WASHINGTON – The new head of the Defense Security Cooperation Agency is seriously considering the creation of a security cooperation university, as he looks for ways to speed the famously deliberate foreign military sales system.

Lt. Gen. Charles Hooper, who took over DSCA in August, is intrigued by expanding the current education options for those in the security cooperation world into “a genuine university, a security cooperation university if you will.”

Hooper said he has been studying how the Defense Acquisition University was stood up and how it has evolved as a potential model for this new venture, which he described as a place that would “not only provide courses for people going to the field, but a genuine font of learning and knowledge, specifically focused on security cooperation. And we’ve already taken steps in that direction.”

The issue was raised at the annual AUSA conference Oct. 10, where Hooper appeared as part of a broader panel on building allied capabilities and was asked about his near-term areas of focus.

One major one is education of the workforce, something that Hooper’s predecessor, Vice Adm. Joseph Rixey had also made a priority. That is easier said than done, however, with Hooper noting that his office could not provide an actual number of how many people work in the career field.

“We just didn’t know. So the first step that we’ve taken is, to go out and conduct what we call a ‘data call,’ to identify the population of people who are actually working in security cooperation, so that we can start to determine how many people we have, where they are, how we would craft a career field in order to move forward and create that cadre of security cooperation professionals,” he said.

His other near-term priority involves ensuring greater dialogue between DSCA and the service components, in order to align priorities with the services and combatant commands. As a result, Hooper’s office is now hosting monthly meetings with stakeholders in order to make sure “we’re all on the same page and we all have the same information.”

Both those changes will likely be welcome to industry and allied nations, both of which routinely complain that the American system for foreign weapon sales moves too slowly. Speaking to reporters after the panel, Hooper articulated what he sees as the five big-picture challenges that could be done differently in order to speed the process up.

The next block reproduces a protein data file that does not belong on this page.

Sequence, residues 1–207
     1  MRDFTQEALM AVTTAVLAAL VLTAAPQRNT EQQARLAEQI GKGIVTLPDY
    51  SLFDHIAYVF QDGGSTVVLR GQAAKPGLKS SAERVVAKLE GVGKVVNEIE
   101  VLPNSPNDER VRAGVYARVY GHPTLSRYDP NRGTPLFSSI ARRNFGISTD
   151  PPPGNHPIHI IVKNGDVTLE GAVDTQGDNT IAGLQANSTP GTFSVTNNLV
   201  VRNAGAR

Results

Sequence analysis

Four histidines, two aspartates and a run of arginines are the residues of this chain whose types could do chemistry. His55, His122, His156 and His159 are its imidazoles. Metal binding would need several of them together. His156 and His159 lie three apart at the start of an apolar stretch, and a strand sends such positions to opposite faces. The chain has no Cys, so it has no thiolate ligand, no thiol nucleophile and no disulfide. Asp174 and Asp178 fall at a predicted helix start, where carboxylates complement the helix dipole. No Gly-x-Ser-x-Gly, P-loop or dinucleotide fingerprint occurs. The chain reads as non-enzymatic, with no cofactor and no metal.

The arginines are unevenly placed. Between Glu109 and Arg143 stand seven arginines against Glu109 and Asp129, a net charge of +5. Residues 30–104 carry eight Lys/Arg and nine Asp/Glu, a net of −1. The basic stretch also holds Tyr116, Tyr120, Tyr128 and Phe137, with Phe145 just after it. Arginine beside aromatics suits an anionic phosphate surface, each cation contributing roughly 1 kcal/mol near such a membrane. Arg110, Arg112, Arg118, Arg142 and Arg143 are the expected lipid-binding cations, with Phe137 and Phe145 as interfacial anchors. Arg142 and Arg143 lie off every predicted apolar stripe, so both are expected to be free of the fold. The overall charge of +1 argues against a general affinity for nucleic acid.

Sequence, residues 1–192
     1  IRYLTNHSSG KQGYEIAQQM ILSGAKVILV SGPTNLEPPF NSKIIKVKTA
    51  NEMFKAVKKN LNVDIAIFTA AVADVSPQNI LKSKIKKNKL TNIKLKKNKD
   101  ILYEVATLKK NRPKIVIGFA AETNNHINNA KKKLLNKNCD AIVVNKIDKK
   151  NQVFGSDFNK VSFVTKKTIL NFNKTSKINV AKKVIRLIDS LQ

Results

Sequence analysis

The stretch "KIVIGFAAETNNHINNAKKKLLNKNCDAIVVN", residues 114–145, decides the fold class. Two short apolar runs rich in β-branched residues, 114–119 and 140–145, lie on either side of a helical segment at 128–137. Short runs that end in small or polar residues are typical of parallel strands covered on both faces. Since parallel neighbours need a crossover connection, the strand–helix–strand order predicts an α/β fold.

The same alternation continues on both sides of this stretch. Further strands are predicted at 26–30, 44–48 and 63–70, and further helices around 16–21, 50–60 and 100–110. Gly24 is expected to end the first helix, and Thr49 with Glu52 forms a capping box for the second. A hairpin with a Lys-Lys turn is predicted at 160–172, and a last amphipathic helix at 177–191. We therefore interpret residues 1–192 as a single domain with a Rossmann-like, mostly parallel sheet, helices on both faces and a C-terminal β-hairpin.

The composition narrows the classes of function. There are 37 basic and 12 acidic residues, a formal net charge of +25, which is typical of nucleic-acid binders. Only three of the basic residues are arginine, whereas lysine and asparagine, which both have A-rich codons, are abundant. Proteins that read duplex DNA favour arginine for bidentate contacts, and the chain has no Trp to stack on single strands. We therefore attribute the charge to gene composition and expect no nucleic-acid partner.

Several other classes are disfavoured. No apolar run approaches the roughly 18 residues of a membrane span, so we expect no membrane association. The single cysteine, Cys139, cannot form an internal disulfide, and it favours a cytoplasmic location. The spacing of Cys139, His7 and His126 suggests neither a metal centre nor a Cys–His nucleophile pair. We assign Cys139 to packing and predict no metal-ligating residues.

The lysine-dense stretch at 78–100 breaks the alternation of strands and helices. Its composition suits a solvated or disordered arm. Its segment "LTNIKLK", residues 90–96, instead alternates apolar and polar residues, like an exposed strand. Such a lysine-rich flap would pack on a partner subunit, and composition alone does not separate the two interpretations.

The first is working early with partners on defining requirements before a request is submitted, something those familiar with the FMS process often highlight as a key early issue. After all, if a country is going to be disallowed from purchasing a piece of equipment, there is no point in letting them ask for it and then starting that process. In addition, countries often do not know what piece of American gear would be best for a specific mission set.

Second is looking at what Hooper called “non-standard, non-programs of record requests, special requests,” with the DSCA head pointing out that the various equipment in the U.S. inventory are easier to clear more quickly. The third issue is the question of technology transfer and the rules over what nations can and cannot have access too. More broadly, the fourth issue is what Hooper called “policy and politics,” which he said he is “continuing to take a look at.”

“Often there are policy dimensions of our security cooperation programs and those are issues that must be taken into consideration as we look to improve the security cooperation processes and reform security cooperation,” Hooper said.

The final issue is industrial capacity, or as he put it, “making sure that our industrial partners have sufficient heads up so that they can fulfill whatever requirement are identified by our partners and we can get it to them as quickly as possible.”

Overall, Hooper said he is trying to drill down in those five focus areas, with an “eye towards how can we collectively address those to make our efforts more efficient, more effective, and more agile and responsive.”